Charles and Eli Sisters are infamous murderers for hire, and Patrick deWittt’s The Sisters Brothers follows them on what will end up being their final assignment for the Commodore: to hunt down Hermann Kermit Warm, a red-bearded man who has invented a prospector’s dream in the midst of the California gold rush. The premise and the environment and the style are all vehemently western, but deWitt’s second novel takes the western genre to a phenomenally endearing place.
What is so special about The Sisters Brothers, beyond its riveting series of adventure in the wild of untamed California, is this humanity that deWitt gives his gun-slinging protagonists. deWitt takes the role of western assassin and injects lack of confidence, fear, worry, embarrassment, and a host of other endearing flaws into the Sisters brothers, giving the reader a way to love them and to see ourselves in their faults.
Eli often blushes with embarrassment, attempts at one point to drop belly-weight in order to impress a woman, keeps with him an injured and slow-born horse, and lusts for powdered tooth paste to smooth his teeth and clean his breath, all elements that make him so much more than a heartless killer.
“It occurred to me I had not cleaned my teeth since San Francisco, and I crouched at the waterline upriver, scrubbing my tongue and gums and teeth and spitting out the foam like buckshot across the surface of the water.”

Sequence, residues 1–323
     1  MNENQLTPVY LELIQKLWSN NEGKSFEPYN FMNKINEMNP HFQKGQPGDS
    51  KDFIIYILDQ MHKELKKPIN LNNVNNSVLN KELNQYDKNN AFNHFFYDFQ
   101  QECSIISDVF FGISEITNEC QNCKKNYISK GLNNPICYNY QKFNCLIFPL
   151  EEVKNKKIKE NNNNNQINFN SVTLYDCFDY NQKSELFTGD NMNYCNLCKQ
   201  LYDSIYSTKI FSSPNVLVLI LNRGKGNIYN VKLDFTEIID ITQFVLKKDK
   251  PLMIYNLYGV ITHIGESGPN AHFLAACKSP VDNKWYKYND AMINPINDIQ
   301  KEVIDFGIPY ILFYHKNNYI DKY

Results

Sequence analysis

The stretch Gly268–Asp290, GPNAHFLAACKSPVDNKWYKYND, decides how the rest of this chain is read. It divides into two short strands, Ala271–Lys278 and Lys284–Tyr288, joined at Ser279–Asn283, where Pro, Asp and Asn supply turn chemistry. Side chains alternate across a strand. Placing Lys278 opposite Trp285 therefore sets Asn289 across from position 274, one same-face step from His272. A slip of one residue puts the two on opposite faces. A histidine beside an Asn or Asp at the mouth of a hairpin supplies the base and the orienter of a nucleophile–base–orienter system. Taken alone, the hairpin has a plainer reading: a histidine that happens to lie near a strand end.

And though Eli’s brother Charlie is the worse of the brothers, the more evil and cold, even he takes a turn towards humility in The Sisters Brothers, first by losing his brother’s respect, and later by losing his gun-wielding hand:
“His tone was somber, and he said, ‘Don’t talk to me like that, Eli. I’ve lost my work hand in this. I am only telling you what is on my mind’ … He was looking away as he said it; and I had never heard him speak this way, even when we were boys. I thought he sounded something like me, actually. He had never been afraid before, that I could remember, but now he was, and he did not know what it meant or what to make of it. I told him I was sorry … and he accepted my apology.’
This engorging of humanity in our murderous protagonists culminates in the brothers’ trip back home, to their childhood stead and their mother, a woman as seemingly unsympathetic as her two sons, but still willing to share a kiss with the forsaken men:
“She hooked her arms around my neck and kissed me below my eye. Her lip was wet and cool. Her hair and face and neck smelled of sleep and soap. I walked away to my and Charlie’s old room and lay down on a mattress on the floor. It was a comfortable and clean space, if small, and I knew it would do for a while, and in its way was perfect.”
This is what lies beneath the surface tension of The Sisters Brothers, which is both a book that enthralls with its easy action and its captivating secondary cast, and a book thatlingers in the subconscious. I marvel at the way that deWitt manages to make us care for these assassins, the way that he takes our perception of western escapades and explodes them not with ammunition but with two brothers who only appeared to be invincible, but who are really the thinnest hand-made glass in a shower of unrelenting wagon-thrown rocks.